Whether you’re living in a post-apocalyptic world or in one filled with the stressors of maintaining finances, relationships, appearances, and getting ready for the holidays, the result of such overwhelming stressors can greatly impact your immune system. Continued stress, specifically one we are unprepared or unwilling to deal with, can create a great imbalance in our nervous, endocrine (hormonal), circulatory, and respiratory systems, often causing us to get sick.
We know what causes stress and that stress can negatively affect our health. What about preventative methods? Is there a way to prevent stress and improve our heath? A recent study at Carnegie Mellon University suggests that social support and hugging can protect against the harmful effects of stress and can even reduce our risk of getting sick. In their study researchers asked 404 participants about their levels of interpersonal conflicts, as well as the amounts of perceived social support and hugs from others. Then they exposed the participants to a common cold virus and observed them.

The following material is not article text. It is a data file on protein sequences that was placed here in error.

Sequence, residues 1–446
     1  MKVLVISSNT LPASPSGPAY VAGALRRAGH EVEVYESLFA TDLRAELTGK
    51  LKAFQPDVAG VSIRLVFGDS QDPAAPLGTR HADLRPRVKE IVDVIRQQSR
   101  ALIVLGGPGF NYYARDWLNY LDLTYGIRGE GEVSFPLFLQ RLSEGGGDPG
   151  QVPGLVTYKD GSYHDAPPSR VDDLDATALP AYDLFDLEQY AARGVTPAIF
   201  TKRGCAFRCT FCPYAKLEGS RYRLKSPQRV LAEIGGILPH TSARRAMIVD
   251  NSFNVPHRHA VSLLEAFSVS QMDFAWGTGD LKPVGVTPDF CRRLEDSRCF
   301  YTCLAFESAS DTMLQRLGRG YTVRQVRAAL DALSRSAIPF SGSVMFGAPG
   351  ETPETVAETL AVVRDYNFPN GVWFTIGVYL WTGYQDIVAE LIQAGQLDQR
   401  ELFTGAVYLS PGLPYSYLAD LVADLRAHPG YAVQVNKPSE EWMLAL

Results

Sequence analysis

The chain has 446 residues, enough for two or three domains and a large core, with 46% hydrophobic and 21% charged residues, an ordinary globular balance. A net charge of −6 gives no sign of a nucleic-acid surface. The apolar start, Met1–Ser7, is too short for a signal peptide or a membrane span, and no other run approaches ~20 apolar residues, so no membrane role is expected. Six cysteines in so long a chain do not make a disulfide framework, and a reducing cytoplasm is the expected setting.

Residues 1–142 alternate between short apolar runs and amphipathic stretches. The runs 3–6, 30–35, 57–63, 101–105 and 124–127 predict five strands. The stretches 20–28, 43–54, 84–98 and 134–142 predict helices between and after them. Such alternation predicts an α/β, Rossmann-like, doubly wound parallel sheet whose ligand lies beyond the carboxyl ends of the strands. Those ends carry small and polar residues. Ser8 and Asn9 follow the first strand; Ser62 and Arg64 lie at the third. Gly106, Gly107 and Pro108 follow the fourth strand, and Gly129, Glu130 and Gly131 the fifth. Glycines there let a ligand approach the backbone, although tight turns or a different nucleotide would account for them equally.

The results of this study demonstrated that greater amount of hugs and social support lead to fewer symptoms related to the virus. The leading researcher on the study, Dr. Sheldon Cohen, stated, “This suggests that being hugged by a trusted person may act as an effective means of conveying support and that increasing the frequency of hugs might be an effective means of reducing the deleterious effects of stress.”
Why is hugging so important in preventing disease? When we are under stress, our body releases stress hormones, such as cortisol and adrenaline. If these are overused, the body can go into exhaustion, making it vulnerable to illness. However, when we receive social support, such as a hug, our body releases a different stress hormone, oxytocin. This little magical hormone helps repair and strengthen our nervous system.
So go ahead, give hugs, ask for hugs, it’s just what the doctor ordered.
Dr. Janina Scarlet is a Licensed Clinical Psychologist, a scientist, and a full time geek. She uses Superhero Therapy to help patients with anxiety, depression, chronic pain, and trauma at the Center for Stress and Anxiety Management and Sharp Memorial Hospital. Dr. Scarlet is also a professor at Alliant International University, San Diego. If you would like to contact Dr. Scarlet, you can contact her via Twitter @shadowquill, Facebook: https://www.facebook.com/Shadow.Scarletl, or via her website at www.superhero-therapy.com